Epson has been an advocate of equal opportunity employment for five decades. It abolished gender-based pay differences in Japan in 1983 and has been working to eliminate the gender gap and enable its employees to maintain a balance between work and personal life. Epson South Africa recently hosted its inaugural Women in Business panel discussion, where industry leading speakers were invited to discuss and explore the daily challenges women face in the business world.
Founder and editor of ‘Tech Girl’, Samantha Wright; entrepreneur, author, and speaker, Nicky Rowbotham; and Roxanne Pierrus, sales manager for business print at Epson South Africa, shared their secrets of successfully navigating working in the technology sector, balancing work and home life, especially in a hybrid working environment, and how they secured their seats at the boardroom table.
The speakers also discussed how more females are being recognised for the value they bring to the workplace, and emphasised how organisations like Epson are demonstrating their commitment to women in their relevant channels and elaborated on how more industries should follow this lead.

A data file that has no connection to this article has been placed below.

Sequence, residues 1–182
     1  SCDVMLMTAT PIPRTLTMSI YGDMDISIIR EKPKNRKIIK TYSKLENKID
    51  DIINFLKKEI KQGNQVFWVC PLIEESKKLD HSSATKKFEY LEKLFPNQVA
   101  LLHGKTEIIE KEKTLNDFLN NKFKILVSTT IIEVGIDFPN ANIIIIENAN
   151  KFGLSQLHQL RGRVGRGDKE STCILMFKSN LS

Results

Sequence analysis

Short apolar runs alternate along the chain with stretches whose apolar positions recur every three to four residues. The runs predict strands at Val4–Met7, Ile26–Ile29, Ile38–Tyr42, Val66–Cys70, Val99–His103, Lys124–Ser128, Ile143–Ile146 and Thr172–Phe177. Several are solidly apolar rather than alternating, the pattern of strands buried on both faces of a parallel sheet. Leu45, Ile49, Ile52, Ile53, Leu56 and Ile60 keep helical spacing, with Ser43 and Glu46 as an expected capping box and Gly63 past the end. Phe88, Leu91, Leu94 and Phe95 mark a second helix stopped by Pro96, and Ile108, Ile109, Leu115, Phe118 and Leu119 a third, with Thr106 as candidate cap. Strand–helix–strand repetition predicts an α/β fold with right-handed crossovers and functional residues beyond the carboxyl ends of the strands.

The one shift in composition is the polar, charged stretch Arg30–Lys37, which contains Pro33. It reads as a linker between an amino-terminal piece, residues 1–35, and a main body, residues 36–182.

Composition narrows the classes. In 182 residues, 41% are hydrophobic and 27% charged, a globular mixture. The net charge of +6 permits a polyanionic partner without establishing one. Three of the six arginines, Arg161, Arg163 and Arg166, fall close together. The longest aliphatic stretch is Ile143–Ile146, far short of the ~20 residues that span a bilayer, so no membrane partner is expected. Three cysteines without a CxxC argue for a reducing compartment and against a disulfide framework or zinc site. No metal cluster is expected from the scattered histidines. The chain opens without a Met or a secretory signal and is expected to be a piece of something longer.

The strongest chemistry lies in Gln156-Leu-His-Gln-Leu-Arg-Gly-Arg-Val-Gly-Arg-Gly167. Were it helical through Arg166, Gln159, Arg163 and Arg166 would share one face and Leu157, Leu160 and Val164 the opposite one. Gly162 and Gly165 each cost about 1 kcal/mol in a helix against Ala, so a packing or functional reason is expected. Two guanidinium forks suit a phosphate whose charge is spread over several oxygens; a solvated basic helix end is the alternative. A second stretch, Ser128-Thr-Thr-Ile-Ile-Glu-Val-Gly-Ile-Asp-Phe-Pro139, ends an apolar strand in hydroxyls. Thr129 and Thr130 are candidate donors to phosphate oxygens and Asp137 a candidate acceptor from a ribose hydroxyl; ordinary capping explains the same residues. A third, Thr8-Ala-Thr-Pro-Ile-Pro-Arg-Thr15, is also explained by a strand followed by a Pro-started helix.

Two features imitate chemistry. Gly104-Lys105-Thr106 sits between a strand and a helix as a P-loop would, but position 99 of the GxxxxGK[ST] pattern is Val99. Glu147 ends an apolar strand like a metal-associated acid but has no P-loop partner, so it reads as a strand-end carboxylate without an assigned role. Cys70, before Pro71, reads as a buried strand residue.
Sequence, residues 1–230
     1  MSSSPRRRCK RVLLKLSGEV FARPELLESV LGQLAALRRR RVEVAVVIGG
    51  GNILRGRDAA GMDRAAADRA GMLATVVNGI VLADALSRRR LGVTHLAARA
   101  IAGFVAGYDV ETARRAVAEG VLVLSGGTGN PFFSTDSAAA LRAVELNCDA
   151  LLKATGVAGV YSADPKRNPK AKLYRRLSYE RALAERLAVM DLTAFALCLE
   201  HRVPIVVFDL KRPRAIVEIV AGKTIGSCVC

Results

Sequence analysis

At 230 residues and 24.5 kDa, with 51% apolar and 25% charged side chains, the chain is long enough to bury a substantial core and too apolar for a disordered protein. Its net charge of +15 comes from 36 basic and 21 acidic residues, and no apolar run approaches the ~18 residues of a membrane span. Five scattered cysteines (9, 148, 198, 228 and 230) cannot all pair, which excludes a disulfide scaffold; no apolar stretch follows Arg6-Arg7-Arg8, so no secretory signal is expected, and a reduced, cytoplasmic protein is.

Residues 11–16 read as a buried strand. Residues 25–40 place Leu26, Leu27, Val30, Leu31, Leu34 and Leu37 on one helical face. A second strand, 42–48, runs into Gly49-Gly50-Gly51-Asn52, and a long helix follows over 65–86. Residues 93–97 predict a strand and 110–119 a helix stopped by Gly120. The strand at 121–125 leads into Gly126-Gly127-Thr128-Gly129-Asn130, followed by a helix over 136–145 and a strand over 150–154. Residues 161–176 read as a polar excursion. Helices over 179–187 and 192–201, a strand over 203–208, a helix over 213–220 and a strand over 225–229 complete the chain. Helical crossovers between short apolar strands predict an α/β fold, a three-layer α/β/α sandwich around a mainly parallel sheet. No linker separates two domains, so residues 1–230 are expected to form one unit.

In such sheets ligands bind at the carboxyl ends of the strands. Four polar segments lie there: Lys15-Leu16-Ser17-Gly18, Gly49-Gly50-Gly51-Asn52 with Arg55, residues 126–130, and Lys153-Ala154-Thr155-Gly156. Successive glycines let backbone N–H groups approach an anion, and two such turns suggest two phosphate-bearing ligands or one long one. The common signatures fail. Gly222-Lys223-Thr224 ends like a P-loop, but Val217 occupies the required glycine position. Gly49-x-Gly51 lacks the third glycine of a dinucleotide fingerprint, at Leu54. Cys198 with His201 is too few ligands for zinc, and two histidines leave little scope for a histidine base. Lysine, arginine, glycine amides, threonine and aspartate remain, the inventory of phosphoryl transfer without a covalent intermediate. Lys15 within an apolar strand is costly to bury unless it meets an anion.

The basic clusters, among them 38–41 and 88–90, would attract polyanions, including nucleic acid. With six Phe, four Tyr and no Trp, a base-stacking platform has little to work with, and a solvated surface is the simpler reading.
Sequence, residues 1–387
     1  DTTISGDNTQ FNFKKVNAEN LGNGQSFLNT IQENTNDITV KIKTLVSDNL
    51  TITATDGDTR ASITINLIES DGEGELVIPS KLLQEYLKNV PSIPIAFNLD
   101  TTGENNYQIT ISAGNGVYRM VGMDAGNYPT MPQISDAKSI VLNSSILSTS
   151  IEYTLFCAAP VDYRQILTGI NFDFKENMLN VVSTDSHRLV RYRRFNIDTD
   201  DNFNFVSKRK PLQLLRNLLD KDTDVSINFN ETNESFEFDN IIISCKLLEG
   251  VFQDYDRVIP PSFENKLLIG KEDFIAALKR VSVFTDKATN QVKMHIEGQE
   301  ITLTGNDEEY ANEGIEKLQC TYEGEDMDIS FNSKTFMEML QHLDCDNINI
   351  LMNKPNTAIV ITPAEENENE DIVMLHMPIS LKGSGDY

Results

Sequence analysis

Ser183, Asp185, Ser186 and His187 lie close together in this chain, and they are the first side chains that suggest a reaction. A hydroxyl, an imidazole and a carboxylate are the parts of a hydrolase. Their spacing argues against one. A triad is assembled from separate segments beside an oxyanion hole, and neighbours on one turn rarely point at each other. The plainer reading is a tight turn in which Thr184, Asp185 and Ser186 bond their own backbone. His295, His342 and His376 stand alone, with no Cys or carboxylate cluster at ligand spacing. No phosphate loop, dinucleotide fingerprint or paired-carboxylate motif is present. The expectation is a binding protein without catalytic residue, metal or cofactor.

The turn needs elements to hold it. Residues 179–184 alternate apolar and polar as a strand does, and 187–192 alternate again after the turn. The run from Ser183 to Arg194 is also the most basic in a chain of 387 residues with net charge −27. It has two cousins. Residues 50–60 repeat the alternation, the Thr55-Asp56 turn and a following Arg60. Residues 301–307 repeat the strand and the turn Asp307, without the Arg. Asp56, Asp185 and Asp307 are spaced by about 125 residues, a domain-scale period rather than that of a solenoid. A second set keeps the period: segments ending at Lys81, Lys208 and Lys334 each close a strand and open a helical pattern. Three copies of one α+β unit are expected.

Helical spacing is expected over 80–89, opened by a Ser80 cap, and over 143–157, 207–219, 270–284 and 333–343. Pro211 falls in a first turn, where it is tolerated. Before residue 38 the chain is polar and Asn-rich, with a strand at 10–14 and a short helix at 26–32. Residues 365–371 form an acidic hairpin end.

‘I’m starting to see some progress in the workplace, where people realise that women are looking for something different,’ said Rowbotham. ‘More people are aware that females think nothing like men and can add value in vastly different ways. However, we are definitely not there yet, we have a lot of work to do.’
The event also addressed how society can play a more prominent role in empowering women to take a stand. ‘It’s necessary for society to change how we raise our children. We must encourage them despite their gender to go out, take risks and make their voices heard,’ said Rowbotham.
The three trailblazers closed off with advice for women who want to break into male-dominated professions, with Wright leading with, ‘I always say do it. I know it may not always be easy but just do it. For example, if you want to make YouTube videos about games, switch your camera on and go for it. It doesn’t have to be perfect, it just has to get done.’
Although much still needs to be done to realise the United Nation’s gender equality Sustainable Development Goal, more organisations are levelling the playing field and working towards bridging the gender gap.
‘It was an honour to be able to present at this Epson event. I have always wanted to contribute to Epson’s ethos on gender equality. I hope that through this event, we can continue this really important conversation,’ concluded Pierrus.